Ken Banks launched FrontlineSMS in 2005 as a tool that turns a computer into a hub that broadcasts text messages to mobile phones and gathers data sent by text. FrontlineSMS is open source and free to use, and it has been downloaded more than 200,000 times. The platform has been used to manage medical records, monitor elections, in finance and other settingBanks went on to found kiwanja.net to help people working in global development make the most of communications and information technologies.
Banks is now the first Entrepreneur in Residence at CARE International. He has written articles for the BBC, the Guardian and CNN, and he is editor of two books: The Rise of the Reluctant Innovator (PDF book sample) and the recently published Social Entrepreneurship and Innovation: International Case Studies and Practice. We asked him five questions.
E4C: What trends in mobile technology are making an impact in global development?
KB: I think the most exciting thing about the technology is that it’s actually not the most interesting thing. What I find most exciting as a mobile trend are the growing number of local solutions being built in the developing world – local app developers and techies and non-profits building solutions to their own problems, not importing them from outside. For too long technologies have been designed, developed and owned by outside (often larger) international organisations, who fly in with them and try to get adoption. This is a perfect reflection of the top-down nature of traditional development. As more and more people in-country become skilled in app and tech development, less and less will need to come from the outside, and for me that’s a good thing.
E4C: Now that mobile technology has caught on as a tool for global development (thanks in part to your own work), what reservations do you have about its potential to improve lives in developing countries?
KB: The greatest tendency in the ICT4D field (as we like to call it) is to get carried away with the technology, and take our eyes off the people and the actual problem. We quickly get caught up in the potential of drones, 3D printers, the Internet-of-Things and iPad Pros and forget that there are still many problems out there that can be better solved with things like a simple text message. The biggest danger we have in development is that we’ll fail to solve many problems because we’re too fixated on being cool and innovative – things which often fail because the technologies we see as being cool and innovative often fail in the environments where we work.
E4C: The publisher of your new book writes that it will be an “invaluable resource for… insight into what really works – and what doesn’t.” Do you have an example of a thing that works and a thing that doesn’t?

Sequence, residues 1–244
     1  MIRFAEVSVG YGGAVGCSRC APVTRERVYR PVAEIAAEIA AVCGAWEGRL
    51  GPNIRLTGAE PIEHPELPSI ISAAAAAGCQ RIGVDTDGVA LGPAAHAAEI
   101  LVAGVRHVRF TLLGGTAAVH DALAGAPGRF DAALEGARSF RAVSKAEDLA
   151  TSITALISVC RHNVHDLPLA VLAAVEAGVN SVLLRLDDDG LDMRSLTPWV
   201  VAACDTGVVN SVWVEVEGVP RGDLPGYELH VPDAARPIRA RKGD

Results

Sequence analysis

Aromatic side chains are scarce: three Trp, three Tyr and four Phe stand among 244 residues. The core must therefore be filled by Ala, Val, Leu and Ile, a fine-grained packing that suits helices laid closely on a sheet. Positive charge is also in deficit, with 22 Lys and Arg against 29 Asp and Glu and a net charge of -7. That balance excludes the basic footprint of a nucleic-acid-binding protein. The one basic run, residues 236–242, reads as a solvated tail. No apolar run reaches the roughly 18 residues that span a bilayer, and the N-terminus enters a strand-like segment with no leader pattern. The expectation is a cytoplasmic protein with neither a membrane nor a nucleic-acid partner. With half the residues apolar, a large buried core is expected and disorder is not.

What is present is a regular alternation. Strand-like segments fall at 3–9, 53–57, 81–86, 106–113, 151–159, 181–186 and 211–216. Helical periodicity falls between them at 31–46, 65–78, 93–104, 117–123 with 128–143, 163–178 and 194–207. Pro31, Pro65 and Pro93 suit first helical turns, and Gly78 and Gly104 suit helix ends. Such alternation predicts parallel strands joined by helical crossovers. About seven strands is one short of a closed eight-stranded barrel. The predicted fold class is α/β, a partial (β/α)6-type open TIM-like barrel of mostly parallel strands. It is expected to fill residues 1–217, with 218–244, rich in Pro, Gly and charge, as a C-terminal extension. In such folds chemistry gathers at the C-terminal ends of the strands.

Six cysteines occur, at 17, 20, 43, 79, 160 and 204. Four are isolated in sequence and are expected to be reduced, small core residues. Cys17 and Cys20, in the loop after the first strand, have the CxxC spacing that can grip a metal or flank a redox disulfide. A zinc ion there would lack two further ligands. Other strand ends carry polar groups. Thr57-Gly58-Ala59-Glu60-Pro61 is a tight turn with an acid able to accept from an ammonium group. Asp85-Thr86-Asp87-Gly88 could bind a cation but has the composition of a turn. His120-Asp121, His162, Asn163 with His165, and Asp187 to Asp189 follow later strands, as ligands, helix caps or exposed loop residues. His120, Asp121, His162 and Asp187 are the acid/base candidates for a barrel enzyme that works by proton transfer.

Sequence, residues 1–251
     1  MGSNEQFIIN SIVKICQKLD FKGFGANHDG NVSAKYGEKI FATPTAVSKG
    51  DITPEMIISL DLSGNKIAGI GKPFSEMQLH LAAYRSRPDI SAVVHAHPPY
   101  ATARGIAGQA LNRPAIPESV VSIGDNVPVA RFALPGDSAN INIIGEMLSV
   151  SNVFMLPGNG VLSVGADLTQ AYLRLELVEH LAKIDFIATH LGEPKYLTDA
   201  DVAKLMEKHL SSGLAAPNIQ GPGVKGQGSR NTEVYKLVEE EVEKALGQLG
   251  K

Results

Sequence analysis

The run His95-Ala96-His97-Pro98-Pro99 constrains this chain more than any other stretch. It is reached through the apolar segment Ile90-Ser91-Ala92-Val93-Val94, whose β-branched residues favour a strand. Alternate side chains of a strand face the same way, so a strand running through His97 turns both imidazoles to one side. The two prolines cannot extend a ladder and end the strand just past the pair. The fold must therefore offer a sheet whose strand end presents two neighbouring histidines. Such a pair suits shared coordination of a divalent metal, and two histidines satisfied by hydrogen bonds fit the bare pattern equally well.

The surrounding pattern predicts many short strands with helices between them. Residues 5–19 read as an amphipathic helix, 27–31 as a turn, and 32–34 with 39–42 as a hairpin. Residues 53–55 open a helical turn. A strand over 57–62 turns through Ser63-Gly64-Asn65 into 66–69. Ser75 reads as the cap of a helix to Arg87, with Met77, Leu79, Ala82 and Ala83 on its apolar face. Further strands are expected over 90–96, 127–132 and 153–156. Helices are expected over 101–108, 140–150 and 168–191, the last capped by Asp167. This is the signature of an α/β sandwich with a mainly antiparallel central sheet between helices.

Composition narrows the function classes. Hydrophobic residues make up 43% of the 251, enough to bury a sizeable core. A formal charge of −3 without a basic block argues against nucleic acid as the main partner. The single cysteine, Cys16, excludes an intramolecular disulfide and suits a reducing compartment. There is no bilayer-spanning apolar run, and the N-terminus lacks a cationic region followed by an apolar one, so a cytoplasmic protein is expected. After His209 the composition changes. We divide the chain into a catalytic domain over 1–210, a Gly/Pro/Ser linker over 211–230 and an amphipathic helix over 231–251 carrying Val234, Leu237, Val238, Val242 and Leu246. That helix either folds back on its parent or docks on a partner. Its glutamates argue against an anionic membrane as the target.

KB: The ‘things that work and things that don’t’ refers more to the process than the end result. So there are no ‘failed’ projects in the book. What’s crucial is to learn about the many barriers and obstacles and u-turns that innovators face and make on a daily basis, highlighting failure as part of the process, not the end result. So for anyone who wants to get the whole story behind social innovation – not just huge impact figures and stories of amazing people who have done amazing things, but the heartache and frustrations and struggle that many faced to get there – then this book is for you. Social innovation laid bare, if you like.
E4C: You’ve thought a lot about innovation within tight resource constraints. Do you have an example of how the lack of resources led to a good idea?
KB: I think you can find these all over the developing world. Mobile banking would be a great example, in Kenya, where the lack of the bricks and mortar of the more traditional banking sector approach meant that people have turned to their phones to access financial services. We have less need to do that – we have cash machines and banks and online banking easily available to us – so our incentives to disrupt or leapfrog are less. Across Africa, mobile phones are being used in healthcare delivery for similar reasons – the lack of health infrastructure (and trained doctors and nurses) means that people are having to get creative, and the mobile phone happens to be the best device to use if you want to establish a direct connection between a patient and doctor, or a medical service.
E4C: A theme in the introduction to your book, The Rise of the Reluctant Innovator, is the folly of trying to solve problems in other countries without putting in time living in that country. Do you have an example of that at work?
KB: I think the best example I could share would be my own work with FrontlineSMS (a text messaging platform I developed in 2005 to help grassroots NGOs use SMS to increase the impact and reach of their work). I’d already spent over a decade at that point working across Africa, not on technology projects but trying to understand what life was like for the people I was hoping to help. So I had effectively spent a decade travelling and listening, not looking to solve anything. I had also studied Social Anthropology at Sussex, so was very fixed on anthropological approaches to development – observing, trying not to impact my environment as I learnt, and so on. So, when I came up with the idea for FrontlineSMS at the start of 2005, I knew exactly what the platform needed to do, and how, for grassroots NGOs because I had a considerable amount of experience working with them at that point. Without that insight I’d likely not have built the kind of appropriate solution they needed. Studying appropriate technology, and Schumacher’s thinking, at Sussex also helped me ensure I built a tool that local organisations could take, own, run and support on their own. I still, ten years on, believe this is the best approach in ICT4D yet so many technology projects continue to built inappropriate (complex, expensive, top-down) solutions, many of which continue to fail.